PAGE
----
News of a possible Bradbeers department store in the heart of Salisbury city centre has been welcomed by residents and businesses alike.

One local business owner described it as "something to look forward to" and "a big boost for Salisbury" while a Salisbury city councillor praised the positive impact it could have on the city centre's footfall.

But with Covid set to be around us for a while and the current economic uncertainty, owners Smith and Bradbeer have urged caution.

Who are Bradbeers?

Bradbeers are a family business set up in 1837 which now runs department stores in Romsey, New Milton and Hedge End. 

They sell furniture, homeware, clothing, cosmetics and beauty products and offer services such as furniture services, a carpet estimating service, a curtains estimator, a hairdresser, nail bar and beauty salon.

What's their link to Salisbury?

In 2010, the company bought the building on Blue Boar Row which until April this year was occupied by Debenhams.

Director Greg Davies said this week that back then, the idea of opening a Bradbeers store was already in their mind as a plan B should Debenhams ever decide to shut their branch.

So what happened when the retailer pulled out?

The prominent site opposite the Guildhall was put on the market but because of the coronavirus pandemic, there has been interest but no formal offers, according to Mr Davies.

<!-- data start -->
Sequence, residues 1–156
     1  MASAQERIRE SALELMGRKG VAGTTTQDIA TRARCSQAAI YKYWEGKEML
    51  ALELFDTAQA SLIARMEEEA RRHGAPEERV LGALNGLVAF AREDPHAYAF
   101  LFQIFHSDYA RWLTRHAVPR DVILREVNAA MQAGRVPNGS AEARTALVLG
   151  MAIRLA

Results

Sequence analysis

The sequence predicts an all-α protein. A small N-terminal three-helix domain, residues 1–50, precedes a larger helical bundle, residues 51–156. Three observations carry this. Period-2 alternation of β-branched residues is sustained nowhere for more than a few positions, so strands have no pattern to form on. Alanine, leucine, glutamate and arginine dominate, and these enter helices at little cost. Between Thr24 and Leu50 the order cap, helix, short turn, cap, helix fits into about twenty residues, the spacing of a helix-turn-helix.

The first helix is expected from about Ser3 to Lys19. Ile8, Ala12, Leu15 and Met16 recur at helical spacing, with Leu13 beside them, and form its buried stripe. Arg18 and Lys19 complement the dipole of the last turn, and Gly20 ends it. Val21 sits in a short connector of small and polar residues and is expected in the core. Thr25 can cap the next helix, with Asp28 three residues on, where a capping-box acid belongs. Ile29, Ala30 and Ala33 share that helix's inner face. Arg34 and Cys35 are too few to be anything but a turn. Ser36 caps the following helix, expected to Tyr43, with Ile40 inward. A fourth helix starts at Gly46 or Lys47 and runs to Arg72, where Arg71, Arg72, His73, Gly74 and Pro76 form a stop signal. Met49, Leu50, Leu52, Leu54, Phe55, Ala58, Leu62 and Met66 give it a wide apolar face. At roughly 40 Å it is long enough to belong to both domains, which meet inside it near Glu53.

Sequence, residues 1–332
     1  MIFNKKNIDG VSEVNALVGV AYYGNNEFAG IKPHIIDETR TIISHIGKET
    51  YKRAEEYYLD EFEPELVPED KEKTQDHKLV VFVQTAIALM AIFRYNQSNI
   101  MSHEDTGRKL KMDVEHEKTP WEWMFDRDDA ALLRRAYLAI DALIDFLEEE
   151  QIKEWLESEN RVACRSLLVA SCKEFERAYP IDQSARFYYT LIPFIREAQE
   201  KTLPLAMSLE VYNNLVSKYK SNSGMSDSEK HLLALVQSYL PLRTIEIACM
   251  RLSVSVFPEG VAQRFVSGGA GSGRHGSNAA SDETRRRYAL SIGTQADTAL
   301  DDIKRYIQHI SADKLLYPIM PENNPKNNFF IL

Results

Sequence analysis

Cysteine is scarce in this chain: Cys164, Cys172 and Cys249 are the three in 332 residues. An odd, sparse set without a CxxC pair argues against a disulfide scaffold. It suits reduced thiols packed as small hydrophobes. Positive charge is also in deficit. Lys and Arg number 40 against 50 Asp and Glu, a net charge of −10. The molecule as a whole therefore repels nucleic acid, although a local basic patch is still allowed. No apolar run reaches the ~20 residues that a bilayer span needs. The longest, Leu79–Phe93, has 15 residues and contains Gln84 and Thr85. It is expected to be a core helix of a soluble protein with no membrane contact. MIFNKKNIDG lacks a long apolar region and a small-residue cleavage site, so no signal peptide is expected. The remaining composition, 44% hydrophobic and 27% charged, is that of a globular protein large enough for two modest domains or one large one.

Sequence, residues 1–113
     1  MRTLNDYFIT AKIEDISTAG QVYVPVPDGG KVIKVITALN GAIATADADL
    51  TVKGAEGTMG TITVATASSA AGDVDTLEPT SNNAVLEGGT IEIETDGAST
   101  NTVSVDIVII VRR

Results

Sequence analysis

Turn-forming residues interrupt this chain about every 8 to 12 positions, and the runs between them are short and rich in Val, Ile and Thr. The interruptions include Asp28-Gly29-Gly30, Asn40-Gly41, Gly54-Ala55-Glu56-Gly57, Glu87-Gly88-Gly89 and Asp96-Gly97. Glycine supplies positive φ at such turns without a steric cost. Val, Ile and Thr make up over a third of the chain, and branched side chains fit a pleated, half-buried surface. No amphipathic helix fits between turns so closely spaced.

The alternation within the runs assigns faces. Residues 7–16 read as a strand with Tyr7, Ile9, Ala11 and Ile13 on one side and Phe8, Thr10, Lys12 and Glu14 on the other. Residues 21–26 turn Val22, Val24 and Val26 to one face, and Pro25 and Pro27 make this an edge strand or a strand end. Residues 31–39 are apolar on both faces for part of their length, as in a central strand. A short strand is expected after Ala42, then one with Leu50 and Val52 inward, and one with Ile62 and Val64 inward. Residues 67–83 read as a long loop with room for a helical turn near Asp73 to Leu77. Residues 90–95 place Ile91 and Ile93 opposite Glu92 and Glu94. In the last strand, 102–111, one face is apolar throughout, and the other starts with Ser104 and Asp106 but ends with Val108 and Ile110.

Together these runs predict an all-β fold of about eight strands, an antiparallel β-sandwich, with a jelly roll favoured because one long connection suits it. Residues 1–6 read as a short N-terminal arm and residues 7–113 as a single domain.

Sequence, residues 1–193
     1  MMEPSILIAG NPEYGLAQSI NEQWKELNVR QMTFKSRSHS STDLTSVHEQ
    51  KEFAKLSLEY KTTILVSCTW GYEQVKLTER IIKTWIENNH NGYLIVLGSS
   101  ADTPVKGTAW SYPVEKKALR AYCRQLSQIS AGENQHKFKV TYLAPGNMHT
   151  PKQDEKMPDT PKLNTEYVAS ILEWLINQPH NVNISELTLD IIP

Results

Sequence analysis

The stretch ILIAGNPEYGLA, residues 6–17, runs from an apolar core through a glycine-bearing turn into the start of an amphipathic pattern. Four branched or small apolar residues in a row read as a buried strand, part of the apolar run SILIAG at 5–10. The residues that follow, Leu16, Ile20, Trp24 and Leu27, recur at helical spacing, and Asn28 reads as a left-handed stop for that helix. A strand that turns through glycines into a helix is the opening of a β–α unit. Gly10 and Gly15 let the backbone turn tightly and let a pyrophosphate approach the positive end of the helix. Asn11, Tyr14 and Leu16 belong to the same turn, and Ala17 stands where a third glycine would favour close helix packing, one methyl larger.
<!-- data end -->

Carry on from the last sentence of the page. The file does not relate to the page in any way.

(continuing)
Their plan A isn't to sell the building anyway, but rather turn it into a Bradbeers department store similar to the one in Romsey, which many Salisbury residents currently travel to.

Will it be more successful than Debenhams?

According to Bradbeers, Debenhams' turnover was lower than Romsey's Bradbeers.

"We feel the turnover will increase by getting the clothing offer right," Mr Davies said.

Discussions with concession partners have already begun to ensure that a possible new branch in Salisbury city centre would bring brands currently not available in the area.

When could the new store open?

As early as the second half of next year.

But whether the project will actually come off depends on things out of our control - Covid and the economy becoming more stable.

Suppliers and partners, some of whom have imposed temporary bans on recruiting, also need to be on board, Mr Davies said, so at the moment it's pretty much a waiting game.